Example: G is quasi-isometric to 1 if and only if G is finite.

Definition: A metric space X is proper if closed balls of finite radius in X are compact.  The action of a group \Gamma on a metric space X is cocompact if X/\Gamma is compact in the quotient topology.

The Švarc-Milnor Lemma: Let X be a proper geodesic metric space.  Let \Gamma act cocompactly and properly discontinuously on X.  (Properly discontinuously means that for all compact K\subseteq X, |\{\gamma\in \Gamma | \gamma K\cap K \neq \emptyset \}| < \infty.)  Then \Gamma is finitely generated and, for any x_0\in X, the map

\Gamma \rightarrow X
\gamma \mapsto \gamma.\ x_0

is a quasi-isometry (where \Gamma is equipped with the word metric).

Proof: We may assume that \Gamma is infinite and X is non-compact.  Let R be large enough that the \Gamma-translates of B=B(X, R) cover X.  Set

S=\{s\in \Gamma\setminus 1 | s\bar{B}\cap \bar{B} \neq \emptyset \}

Let r=\inf\{d(\bar{B},\gamma\bar{B}) | \gamma\in\Gamma , \gamma \not\in S \cup \{1\} \}.  Let \lambda=\max_{s\in S} d(x_0, sx_0).   We want to prove that:
(a) S generates,
(b) \forall \gamma\in\Gamma,

\underbrace{ \lambda^{-1}d(x_0,\gamma x_0)}_{i} \leq \ell_S(\gamma)\leq \underbrace{ \frac{1}{r}d(x_0,\gamma x_0) + 1}_{ii}
(c) \forall x\in X, there exists \gamma\in\Gamma such that

d(x,\gamma x_0) \leq R

Note: d_S(1,\gamma)=\ell_S(\gamma) and d_S(\gamma, \delta)=\ell_S(\gamma^{-1}\delta).

(c) is obvious.
(b-i) is also obvious.
To complete the proof we need to show (a) and (b-ii).

Assume \gamma\not\in S\cup\{1\}.  Let k be such that

R + (k-1)r \leq d(x_0, \gamma x_0) < R + kr

As \gamma\not\in S\cup\{1\}, k>1.  Choose x_1, \cdots, x_{k+1} =\gamma x_0, such that d(x_0, x_1)<R and d(x_i, x_{i+1})<r for each i>0.   Choose 1=\gamma_0,\gamma_1,\cdots, \gamma_{k-1},\gamma_k=\gamma such that x_{i+1}\in\gamma_i\bar{B} for each i.  Let s_i=\gamma_{i-1}^{-1}\gamma_i, so \gamma=s_1\cdots s_k.  Now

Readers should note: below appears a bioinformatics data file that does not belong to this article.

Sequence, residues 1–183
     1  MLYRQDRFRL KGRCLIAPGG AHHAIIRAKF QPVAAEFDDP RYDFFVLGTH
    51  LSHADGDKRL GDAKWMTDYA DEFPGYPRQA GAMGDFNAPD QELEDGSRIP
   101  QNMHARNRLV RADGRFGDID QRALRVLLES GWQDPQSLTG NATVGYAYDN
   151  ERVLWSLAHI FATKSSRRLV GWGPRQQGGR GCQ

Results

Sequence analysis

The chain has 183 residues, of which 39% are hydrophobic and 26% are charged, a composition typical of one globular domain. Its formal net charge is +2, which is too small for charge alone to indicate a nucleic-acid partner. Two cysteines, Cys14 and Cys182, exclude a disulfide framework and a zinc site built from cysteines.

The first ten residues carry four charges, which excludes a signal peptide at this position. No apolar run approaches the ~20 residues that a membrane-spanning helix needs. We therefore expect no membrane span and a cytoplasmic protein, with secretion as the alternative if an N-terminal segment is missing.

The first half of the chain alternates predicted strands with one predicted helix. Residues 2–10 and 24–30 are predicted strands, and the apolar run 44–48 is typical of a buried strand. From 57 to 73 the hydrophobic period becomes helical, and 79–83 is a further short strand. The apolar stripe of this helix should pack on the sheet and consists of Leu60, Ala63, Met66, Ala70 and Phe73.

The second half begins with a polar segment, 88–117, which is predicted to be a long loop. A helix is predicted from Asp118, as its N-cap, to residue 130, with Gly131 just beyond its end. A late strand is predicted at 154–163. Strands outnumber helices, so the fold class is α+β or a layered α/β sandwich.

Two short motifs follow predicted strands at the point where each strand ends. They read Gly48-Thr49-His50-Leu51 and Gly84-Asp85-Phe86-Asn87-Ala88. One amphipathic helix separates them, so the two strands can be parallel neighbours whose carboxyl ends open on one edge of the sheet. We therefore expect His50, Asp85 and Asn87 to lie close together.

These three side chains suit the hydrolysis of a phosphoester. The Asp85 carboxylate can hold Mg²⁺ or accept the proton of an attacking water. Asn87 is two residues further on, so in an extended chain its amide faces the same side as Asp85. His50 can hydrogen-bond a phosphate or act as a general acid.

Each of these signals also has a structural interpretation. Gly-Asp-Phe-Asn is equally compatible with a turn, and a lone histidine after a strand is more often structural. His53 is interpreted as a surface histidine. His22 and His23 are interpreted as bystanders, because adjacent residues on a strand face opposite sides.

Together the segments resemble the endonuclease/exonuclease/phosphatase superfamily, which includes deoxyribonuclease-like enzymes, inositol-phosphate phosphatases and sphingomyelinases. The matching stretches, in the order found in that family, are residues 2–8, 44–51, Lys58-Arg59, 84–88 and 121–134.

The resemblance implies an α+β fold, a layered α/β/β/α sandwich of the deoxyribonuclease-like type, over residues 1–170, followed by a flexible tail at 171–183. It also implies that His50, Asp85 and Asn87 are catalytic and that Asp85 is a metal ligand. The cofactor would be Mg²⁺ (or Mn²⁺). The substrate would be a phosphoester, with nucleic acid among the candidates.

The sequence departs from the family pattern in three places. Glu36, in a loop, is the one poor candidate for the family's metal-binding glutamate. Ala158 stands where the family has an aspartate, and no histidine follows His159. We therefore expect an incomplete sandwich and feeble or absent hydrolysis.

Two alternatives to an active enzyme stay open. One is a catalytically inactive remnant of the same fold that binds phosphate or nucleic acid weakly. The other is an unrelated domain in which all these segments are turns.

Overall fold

d(\bar{B}, s_i\bar{B}) \leq d(\gamma_{i-1}^{-1} x_i, s_i\gamma_i^{-1}x_{i+1}) = d(x_i, x_{i+1}) <r

So, s_i\in S\cup\{1\}.  Therefore S generates \Gamma.


\ell_S(\gamma) \leq k \leq \frac{1}{r}d(x_0, \gamma x_0) + \frac{r-R}{r} < \frac{1}{r}d(x_0,\gamma x_0)+1

as required.

Corollary: If K\subseteq \Gamma is a finite index subgroup of a finitely generated group then K is quasi-isometric to \Gamma.

Two groups G_1 and G_2 are commensurable if they have isomorphic subgroups of finite index.  Clearly, if G_1 and G_2 are commensurable then they are quasi-isometric.

Example: Sol = \mathbb{R}^2 \rtimes_E \mathbb{R}.
Semidirect product is taken over the matrix eqlatex This means that Sol=\{(x,y,t) | x,y,t\in\mathbb{R} \}, but

(x,y,t)(x',y',t')=(x+e^tx', y+e^{-1}y', t+t')

Let A\in SL_2(\mathbb{Z}) with eigenvalues \lambda, \lambda^{-1} with \lambda >1.  Let \Gamma=\mathbb{Z}^2 \rtimes_A \mathbb{Z}.

\Gamma_A sits inside Sol as a uniform lattice, meaning Sol/\Gamma_A is a compact space.

Exercise 11: What is this quotient?

So, \Gamma_A is a quasi-isomorphic to Sol  But, Bridson-Gersten showed that \Gamma_A and \Gamma_{A'} are commensurable if and only if the corresponding eigenvalues \lambda, \lambda' have a common power.

Exercise 12: Let T_k be the infinite regular 2k valent tree.  Prove that for all k, k' \geq 2, T_k is quasi-isometric to T_{k'}.